Bermudians vote to stay British


Hamilton, Bermuda

The islanders of Bermuda overwhelmingly rejected independence from Britain, by a margin of three to one, in the hurricane-delayed referendum on Wednesday.

The Premier, Sir John Swan, who had pushed for independence for Britain's oldest colony, said he would fulfil his promise and leave office as soon as his United Bermuda Party (UBP) chose a successor, expected within days. He has been in power for almost 14 years, and announced his resignation yesterday.

Jim Woolridge, best-known as the islands' leading cricket commentator, led the UBP's anti-independence faction and is the favourite to succeed him.

The size of the margin surprised even the anti-independence camp yesterday. It brought sighs of relief from local and foreign businessmen.

The vote had threatened to turn into a racial issue. The minority white population was firm in its determination to remain British but there were fears that the majority blacks, mostly middle-class, might have expressed what had been perceived as a growing sense of black nationalism. In the end, fear of change, of giving up the comfortable lifestyle, appeared to rule the day.

The abstention rate was unusually high, reflecting both a call from the opposition Progressive Labour Party (PLP) and the fact that many Bermudians saw the referendum more as a political power-play than as a true vote on independence. Apart, perhaps, from the most diehard pro-British white Bermudians - who make up 30 per cent of the population - most islanders agree independence is inevitable.

The referendum confused many - one columnist described it as the referend- umm-umm - because it was called by Sir John after his last re-election two years ago despite the fact he had never mentioned the word independence in his campaign. His move split the UBP and redrew traditional party lines. In a famous speech only a few years ago, Sir John had said: "With the Americans to feed us and the British to defend us, why on earth would we want to be independent?''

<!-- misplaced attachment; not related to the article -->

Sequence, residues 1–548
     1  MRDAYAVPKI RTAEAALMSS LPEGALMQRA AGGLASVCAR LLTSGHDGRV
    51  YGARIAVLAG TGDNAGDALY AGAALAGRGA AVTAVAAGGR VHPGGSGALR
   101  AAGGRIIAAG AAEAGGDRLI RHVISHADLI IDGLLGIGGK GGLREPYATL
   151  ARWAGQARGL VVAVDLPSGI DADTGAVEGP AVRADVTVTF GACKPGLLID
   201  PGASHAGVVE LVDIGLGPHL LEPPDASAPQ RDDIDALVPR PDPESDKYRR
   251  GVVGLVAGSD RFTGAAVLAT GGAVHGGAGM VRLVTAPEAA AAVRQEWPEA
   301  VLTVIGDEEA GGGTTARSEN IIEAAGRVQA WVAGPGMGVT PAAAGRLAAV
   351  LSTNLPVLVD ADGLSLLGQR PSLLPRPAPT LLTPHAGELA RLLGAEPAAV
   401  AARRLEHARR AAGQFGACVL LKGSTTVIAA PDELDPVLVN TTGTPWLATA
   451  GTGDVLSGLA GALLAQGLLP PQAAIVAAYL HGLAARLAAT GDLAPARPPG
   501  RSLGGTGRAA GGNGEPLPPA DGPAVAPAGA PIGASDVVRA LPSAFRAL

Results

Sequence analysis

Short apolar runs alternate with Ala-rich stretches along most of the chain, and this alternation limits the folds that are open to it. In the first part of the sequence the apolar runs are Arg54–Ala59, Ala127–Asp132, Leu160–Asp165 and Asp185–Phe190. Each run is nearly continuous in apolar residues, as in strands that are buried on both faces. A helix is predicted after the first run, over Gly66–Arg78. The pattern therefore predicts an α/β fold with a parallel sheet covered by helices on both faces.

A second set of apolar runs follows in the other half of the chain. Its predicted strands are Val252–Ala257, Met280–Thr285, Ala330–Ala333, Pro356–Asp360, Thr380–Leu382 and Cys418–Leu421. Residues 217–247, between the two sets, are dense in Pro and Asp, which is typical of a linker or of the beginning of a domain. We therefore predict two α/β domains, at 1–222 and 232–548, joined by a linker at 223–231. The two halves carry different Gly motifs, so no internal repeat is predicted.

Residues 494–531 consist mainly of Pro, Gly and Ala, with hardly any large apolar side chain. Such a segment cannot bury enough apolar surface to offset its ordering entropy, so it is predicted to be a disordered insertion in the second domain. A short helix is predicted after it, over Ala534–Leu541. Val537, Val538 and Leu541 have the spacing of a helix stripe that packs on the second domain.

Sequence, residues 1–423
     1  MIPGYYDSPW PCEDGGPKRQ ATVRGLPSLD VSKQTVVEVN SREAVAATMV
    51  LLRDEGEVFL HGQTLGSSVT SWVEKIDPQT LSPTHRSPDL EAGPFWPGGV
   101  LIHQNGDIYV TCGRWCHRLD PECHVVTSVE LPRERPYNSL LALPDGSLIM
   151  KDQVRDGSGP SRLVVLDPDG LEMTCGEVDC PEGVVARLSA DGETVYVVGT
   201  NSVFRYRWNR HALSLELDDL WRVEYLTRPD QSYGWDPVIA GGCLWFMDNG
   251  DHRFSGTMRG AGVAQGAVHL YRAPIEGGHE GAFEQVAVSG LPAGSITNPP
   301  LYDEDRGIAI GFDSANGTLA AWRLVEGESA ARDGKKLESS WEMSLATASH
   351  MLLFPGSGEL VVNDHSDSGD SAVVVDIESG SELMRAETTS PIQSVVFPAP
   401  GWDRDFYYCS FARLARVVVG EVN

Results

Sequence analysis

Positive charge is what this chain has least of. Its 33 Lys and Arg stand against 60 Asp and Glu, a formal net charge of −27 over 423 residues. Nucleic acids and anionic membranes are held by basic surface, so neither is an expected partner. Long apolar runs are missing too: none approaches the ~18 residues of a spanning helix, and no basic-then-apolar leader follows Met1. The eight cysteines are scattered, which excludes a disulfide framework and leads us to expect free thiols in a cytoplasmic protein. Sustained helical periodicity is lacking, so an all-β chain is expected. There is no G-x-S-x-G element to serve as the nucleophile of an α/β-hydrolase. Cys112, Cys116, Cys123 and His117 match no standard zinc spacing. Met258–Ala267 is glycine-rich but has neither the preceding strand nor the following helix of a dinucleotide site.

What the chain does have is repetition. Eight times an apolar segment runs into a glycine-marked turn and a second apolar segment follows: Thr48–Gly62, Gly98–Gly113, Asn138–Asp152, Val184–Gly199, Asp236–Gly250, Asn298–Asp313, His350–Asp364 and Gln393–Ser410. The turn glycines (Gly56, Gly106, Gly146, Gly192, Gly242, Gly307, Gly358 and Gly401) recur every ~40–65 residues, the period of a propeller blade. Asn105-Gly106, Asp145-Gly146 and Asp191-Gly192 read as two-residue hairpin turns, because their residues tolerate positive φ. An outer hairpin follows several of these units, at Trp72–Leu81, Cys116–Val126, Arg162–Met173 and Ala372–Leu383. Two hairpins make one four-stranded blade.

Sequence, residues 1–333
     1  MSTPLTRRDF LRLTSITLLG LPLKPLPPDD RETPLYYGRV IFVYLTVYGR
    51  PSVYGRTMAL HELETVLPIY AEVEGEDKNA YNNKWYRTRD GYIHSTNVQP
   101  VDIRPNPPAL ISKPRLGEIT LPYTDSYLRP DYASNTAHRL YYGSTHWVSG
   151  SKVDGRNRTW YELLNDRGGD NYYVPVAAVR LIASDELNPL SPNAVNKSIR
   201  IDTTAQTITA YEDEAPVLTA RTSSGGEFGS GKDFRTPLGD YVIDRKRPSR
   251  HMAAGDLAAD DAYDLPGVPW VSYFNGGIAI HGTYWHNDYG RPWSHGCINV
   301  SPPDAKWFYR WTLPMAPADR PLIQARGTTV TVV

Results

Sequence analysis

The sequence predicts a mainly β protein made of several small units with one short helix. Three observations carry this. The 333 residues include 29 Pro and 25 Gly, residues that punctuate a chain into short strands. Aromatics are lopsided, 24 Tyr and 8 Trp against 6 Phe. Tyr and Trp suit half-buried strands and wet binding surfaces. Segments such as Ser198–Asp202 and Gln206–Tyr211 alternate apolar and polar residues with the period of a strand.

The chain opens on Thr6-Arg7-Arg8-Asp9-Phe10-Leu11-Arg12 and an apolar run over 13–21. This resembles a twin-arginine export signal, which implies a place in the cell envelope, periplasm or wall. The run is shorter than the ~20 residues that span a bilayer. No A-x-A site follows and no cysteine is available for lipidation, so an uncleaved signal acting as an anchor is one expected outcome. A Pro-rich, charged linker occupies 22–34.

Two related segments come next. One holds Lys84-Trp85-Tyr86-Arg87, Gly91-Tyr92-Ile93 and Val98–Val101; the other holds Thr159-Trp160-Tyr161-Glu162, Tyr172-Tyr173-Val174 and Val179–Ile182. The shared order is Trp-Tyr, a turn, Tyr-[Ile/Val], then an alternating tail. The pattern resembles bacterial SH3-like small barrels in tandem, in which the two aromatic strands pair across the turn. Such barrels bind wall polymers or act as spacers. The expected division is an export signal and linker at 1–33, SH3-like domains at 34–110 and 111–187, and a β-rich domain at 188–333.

The PLP had always pushed for independence but found itself forced to back off to avoid supporting the Premier. Instead, the PLP fudged its stand, saying constitutional changes must first be made and that the issue should be decided in general elections.

Of the islands' 37,841 eligible voters, 22,236 - 58 per cent - turned out. Only 5,714 people voted "Yes" to independence while 16,369 rejected it.

While that margin was 25 per cent to 75 per cent of votes cast, a more significant figure was the fact that the "Yes" vote was only 15 per cent of eligible voters. Under the referendum law, a minimum 40 per cent of eligible voters, or about 15,000, would have had to vote "Yes" to set independence in motion.

Breaking away from Britain would mean taking control of defence, foreign affairs and internal security, at present controlled by the governor, Lord Waddington. He echoed a statement by the Queen that Britain would have respected an independence vote but also respected a majority desire to remain a dependent territory.

"It's obvious the matter has been defeated," Sir John said after the results were announced outside the Wesley Methodist Church hall in Hamilton, where counting had taken place.

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